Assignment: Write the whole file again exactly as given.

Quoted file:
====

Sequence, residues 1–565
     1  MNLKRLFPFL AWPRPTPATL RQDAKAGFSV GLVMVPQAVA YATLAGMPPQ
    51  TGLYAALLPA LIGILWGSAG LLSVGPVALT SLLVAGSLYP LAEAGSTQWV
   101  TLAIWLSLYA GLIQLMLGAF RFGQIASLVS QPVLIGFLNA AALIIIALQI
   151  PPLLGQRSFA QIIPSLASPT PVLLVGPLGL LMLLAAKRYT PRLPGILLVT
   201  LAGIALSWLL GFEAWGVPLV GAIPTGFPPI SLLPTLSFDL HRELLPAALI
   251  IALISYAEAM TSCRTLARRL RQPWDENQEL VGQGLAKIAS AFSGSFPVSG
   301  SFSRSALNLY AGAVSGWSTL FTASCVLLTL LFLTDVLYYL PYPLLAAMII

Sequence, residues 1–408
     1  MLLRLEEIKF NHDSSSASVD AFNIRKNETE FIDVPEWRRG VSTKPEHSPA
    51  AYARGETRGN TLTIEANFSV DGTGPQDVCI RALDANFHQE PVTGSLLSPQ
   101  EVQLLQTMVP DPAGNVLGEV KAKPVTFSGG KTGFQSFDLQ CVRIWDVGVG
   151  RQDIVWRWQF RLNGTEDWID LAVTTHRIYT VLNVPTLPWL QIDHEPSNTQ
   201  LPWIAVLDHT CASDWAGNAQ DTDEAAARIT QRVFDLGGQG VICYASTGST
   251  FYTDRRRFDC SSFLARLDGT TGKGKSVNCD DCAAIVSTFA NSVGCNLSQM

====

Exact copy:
Sequence, residues 1–565
     1  MNLKRLFPFL AWPRPTPATL RQDAKAGFSV GLVMVPQAVA YATLAGMPPQ
    51  TGLYAALLPA LIGILWGSAG LLSVGPVALT SLLVAGSLYP LAEAGSTQWV
   101  TLAIWLSLYA GLIQLMLGAF RFGQIASLVS QPVLIGFLNA AALIIIALQI
   151  PPLLGQRSFA QIIPSLASPT PVLLVGPLGL LMLLAAKRYT PRLPGILLVT
   201  LAGIALSWLL GFEAWGVPLV GAIPTGFPPI SLLPTLSFDL HRELLPAALI
   251  IALISYAEAM TSCRTLARRL RQPWDENQEL VGQGLAKIAS AFSGSFPVSG
   301  SFSRSALNLY AGAVSGWSTL FTASCVLLTL LFLTDVLYYL PYPLLAAMII

Sequence, residues 1–408
     1  MLLRLEEIKF NHDSSSASVD AFNIRKNETE FIDVPEWRRG VSTKPEHSPA
    51  AYARGETRGN TLTIEANFSV DGTGPQDVCI RALDANFHQE PVTGSLLSPQ
   101  EVQLLQTMVP DPAGNVLGEV KAKPVTFSGG KTGFQSFDLQ CVRIWDVGVG
   151  RQDIVWRWQF RLNGTEDWID LAVTTHRIYT VLNVPTLPWL QIDHEPSNTQ
   201  LPWIAVLDHT CASDWAGNAQ DTDEAAARIT QRVFDLGGQG VICYASTGST
   251  FYTDRRRFDC SSFLARLDGT TGKGKSVNCD DCAAIVSTFA NSVGCNLSQM